8 Tips to Treat Restless Legs Syndrome (RLS)
The House Call Doctor explains the confusing and frustrating symptoms of RLS and gives 8 treatment options so you can stop counting sheep and get a good night's sleep.
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Have you been told by your spouse that you “fidget” in the middle of the night? Or have you noticed your legs or feet may have a mind of their own when you’re trying to fall asleep? Do you have an urge to move your legs a lot at bedtime? You may very well be one of the many people who remain undiagnosed with the condition called Restless Legs Syndrome, or RLS.
For those who have never experienced RLS, it may seem like a very odd and peculiar phenomenon. But if you’ve ever had these symptoms, you may be surprised to learn that this is an actual medical condition. Maybe you’ve already mentioned it to your doctor, or maybe you never realized it was real until now. Either way, let’s find out more about Restless Legs Syndrome and how it’s treated.
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What Is RLS?
I’ve actually discussed RLS in a previous episode on insomnia, and you may want to revisit that episode before moving on to this one. But in a nutshell, here are the symptoms that up to 10% of the American population are estimated to be suffering from:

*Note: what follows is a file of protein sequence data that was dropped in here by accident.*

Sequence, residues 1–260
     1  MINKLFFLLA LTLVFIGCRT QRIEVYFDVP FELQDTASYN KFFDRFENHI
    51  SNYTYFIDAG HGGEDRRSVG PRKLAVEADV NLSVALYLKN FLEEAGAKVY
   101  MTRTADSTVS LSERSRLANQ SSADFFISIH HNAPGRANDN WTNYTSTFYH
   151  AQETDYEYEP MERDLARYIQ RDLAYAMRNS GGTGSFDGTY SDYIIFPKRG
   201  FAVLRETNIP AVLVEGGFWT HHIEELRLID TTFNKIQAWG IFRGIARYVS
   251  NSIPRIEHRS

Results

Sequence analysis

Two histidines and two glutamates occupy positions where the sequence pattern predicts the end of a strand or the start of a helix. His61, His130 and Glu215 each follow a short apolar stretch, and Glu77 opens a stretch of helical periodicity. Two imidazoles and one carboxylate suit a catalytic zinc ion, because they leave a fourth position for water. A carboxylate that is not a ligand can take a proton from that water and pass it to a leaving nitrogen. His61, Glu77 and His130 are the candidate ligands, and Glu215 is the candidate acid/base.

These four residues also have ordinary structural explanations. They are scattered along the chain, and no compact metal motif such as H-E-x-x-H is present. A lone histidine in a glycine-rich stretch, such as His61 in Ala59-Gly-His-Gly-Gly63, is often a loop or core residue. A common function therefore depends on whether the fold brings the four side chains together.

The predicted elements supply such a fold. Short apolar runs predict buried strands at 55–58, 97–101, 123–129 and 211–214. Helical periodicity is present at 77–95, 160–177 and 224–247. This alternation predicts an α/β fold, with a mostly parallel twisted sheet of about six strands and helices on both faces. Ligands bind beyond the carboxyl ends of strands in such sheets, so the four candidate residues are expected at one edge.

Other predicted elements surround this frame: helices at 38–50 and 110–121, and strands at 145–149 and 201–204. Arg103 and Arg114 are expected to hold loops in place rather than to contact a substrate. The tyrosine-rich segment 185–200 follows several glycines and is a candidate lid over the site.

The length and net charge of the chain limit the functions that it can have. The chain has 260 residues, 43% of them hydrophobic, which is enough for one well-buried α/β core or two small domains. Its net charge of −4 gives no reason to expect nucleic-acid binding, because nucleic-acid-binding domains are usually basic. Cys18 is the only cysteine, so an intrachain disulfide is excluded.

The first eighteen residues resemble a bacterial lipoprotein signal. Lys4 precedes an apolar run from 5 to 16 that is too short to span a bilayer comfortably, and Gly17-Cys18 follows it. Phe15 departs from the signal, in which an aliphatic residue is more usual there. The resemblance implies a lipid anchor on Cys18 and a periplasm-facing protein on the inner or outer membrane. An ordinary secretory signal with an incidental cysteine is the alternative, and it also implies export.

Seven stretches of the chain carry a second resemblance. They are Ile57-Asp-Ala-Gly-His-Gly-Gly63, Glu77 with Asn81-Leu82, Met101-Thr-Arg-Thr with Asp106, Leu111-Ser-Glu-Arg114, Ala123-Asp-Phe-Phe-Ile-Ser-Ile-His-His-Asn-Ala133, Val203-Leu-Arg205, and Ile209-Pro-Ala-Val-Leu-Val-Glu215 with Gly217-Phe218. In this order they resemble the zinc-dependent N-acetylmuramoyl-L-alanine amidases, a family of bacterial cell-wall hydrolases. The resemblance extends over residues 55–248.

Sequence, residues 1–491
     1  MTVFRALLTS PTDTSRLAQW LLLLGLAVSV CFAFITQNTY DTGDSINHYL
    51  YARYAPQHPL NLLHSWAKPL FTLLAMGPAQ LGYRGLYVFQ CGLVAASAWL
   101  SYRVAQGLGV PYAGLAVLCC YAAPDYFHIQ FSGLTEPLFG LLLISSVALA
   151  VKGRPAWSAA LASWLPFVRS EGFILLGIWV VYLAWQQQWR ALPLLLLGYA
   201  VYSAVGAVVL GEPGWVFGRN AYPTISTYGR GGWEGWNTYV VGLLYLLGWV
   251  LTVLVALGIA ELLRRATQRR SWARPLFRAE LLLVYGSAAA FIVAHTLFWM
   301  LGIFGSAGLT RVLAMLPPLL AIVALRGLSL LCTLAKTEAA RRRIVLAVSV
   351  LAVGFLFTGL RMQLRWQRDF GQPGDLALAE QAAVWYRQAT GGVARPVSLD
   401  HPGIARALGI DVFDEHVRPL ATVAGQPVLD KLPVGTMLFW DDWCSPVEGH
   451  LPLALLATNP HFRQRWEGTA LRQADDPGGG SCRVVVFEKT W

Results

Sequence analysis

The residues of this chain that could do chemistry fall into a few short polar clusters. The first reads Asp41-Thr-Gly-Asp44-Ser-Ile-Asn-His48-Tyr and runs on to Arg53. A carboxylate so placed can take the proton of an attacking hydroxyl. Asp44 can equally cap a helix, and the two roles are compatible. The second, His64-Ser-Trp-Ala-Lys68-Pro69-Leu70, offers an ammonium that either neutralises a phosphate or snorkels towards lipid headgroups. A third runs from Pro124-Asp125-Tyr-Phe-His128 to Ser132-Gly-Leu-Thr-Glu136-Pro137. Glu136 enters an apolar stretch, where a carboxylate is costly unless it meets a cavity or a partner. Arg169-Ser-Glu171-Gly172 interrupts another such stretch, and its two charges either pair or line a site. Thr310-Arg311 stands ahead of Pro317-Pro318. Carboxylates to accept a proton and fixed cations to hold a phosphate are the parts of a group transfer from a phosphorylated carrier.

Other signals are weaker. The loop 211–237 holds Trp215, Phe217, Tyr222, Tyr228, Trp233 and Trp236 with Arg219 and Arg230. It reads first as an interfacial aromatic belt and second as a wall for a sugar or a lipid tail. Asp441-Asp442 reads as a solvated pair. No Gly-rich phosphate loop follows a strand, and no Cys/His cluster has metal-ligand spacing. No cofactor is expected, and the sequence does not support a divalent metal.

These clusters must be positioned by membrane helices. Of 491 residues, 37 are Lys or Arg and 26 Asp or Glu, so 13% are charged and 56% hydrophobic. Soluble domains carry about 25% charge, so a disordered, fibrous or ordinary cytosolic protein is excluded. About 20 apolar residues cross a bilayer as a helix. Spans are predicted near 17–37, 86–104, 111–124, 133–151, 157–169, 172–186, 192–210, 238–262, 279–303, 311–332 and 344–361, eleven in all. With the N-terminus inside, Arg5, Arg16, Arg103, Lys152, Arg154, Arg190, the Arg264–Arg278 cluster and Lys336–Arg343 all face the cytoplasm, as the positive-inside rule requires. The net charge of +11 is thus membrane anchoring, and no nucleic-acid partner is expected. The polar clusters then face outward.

- An urge to move or kick the legs or feet
- A creepy-crawly or strange sensation in the legs that’s felt deep inside, under the skin
- Occurs only at rest
- Relieved by movement temporarily
- Worse at nighttime, especially bedtime
- Usually felt in both legs equally
RLS can be genetic. If you ask your family members if they experience any of these symptoms, their answers may very well surprise you. Some people live with this all their lives and never mention it to anyone, especially if the symptoms are mild and infrequent.
It also tends to affect women twice as much as men, and the prevalence seems to increase with age (more and more people get diagnosed the older they get). Most people report experiencing their very first symptom sometime between the ages of 11 and 20.
Also, those with diabetes, anemia, kidney disease, other neurologic conditions (such as Parkinson’s or multiple sclerosis), and those who are pregnant can be more predisposed to RLS. But most people with RLS don’t suffer from any of these other conditions.